A woman walks past a bank's electronic board showing the Hong Kong share index at Hong Kong Stock Exchange in Hong Kong Monday, Oct. 4, 2021. Asian markets were mixed on Monday, while Hong Kong’s benchmark shed more than 2% after troubled property developer China Evergrande’s shares were suspended from trading. (AP Photo/Vincent Yu)
Technology companies led a broad slide for stocks Monday, as the market lost more ground following its worst week since winter.
The selling came amid more signs of rising inflation for the U.S. economy. The price of oil hit a seven-year high as OPEC and allied oil producers stuck with a plan to cautiously raise production even as global demand for crude oil increases.
The S&P 500 was down 1.5% as of 3:40 p.m. Eastern. The Dow Jones Industrial Average dropped 378 points, or 1.1%, to 33,945.
Losses in technology stocks pulled the Nasdaq 2.5% lower. Apple fell 2.9% and Microsoft fell 2.4%. Big communication companies also slipped. Facebook fell 5.5% a day after a former employee told “60 Minutes” that the company has consistently chosen its own interests over the public good. The social network and its Instagram and WhatsApp platforms also were apparently down worldwide as of midmorning on Monday.
U.S. crude oil prices rose 2.3% and topped $77 per barrel for the first time since 2014. OPEC and allied oil producing countries on Monday decided to stay with their cautious approach to restoring oil production slashed during the pandemic, agreeing to add 400,000 barrels per day in November.
Natural gas prices jumped 2.6%. Energy companies rose along with energy prices. Devon Energy rose 5.5% and Marathon Oil climbed 4.4%.
“You're seeing energy doing well on the back of energy prices, and you're seeing some of those sectors that had led in the past few months are weaker now,” said Megan Horneman, director of portfolio strategy at Verdence Capital Advisors.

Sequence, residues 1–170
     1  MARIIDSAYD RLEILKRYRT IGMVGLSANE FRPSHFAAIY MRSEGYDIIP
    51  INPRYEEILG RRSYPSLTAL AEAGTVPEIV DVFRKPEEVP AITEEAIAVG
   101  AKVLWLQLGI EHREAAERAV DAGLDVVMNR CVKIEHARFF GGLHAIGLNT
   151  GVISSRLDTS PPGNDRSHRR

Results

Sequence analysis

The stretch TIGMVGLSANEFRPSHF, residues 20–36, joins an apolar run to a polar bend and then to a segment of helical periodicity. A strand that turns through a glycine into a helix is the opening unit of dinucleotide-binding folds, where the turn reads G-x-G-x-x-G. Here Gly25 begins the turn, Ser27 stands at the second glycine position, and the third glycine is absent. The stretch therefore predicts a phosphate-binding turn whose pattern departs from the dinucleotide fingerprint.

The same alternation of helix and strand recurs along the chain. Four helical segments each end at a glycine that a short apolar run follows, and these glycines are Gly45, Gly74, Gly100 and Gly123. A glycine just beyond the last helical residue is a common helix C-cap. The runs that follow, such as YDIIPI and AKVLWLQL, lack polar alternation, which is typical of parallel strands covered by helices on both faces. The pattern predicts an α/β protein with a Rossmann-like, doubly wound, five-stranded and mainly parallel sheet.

The yield on the 10-year Treasury rose to 1.49% from 1.47% Friday. The yield was at 1.31% on Sept. 20, and the recent jump has contributed to weakness in technology stocks. A swift rise in interest rates has forced a reassessment of whether stocks have grown too expensive, particularly already high-priced technology companies.
Investors are increasingly worried about inflation as oil prices rise and companies continue facing supply problems that increase their costs and force them to raise prices. Wall Street is also worried about the Federal Reserve's timing on trimming back bond purchases and its eventual move to raise its benchmark interest rate.
“You really have a lot of reasons for the tape to trade defensively right now,” said Julian Emanuel, chief equity and derivatives strategist at BTIG. “If you’re not going to get the bond market rallying and yields declining, then the likelihood is you see more volatility in stocks,” he said.
Investors are also preparing for the latest round of corporate earnings, which will ramp up in the next several weeks. They are also still closely monitoring economic data for more signals about the pace of the recovery as businesses and consumers continue to deal with the impact of COVID-19 and the highly contagious delta variant.
Wall Street will get more information on the economy's health this week. On Tuesday, the Institute for Supply Management will release its service sector index for September. The services sector is the largest part of the economy and its health is a key factor for growth.
On Friday, the Labor Department will release its employment report for September. The employment market has been struggling to fully recover from the damage done by COVID-19 more than a year ago.
Tesla held on to a slight gain after the electric vehicle maker reported surprisingly good third-quarter deliveries. The stock was up 0.8%, but rose as much as 4% in morning trading.
In Asia, Hong Kong’s benchmark fell more than 2% after troubled property developer China Evergrande’s shares were suspended from trading. Shares in most European markets edged higher.
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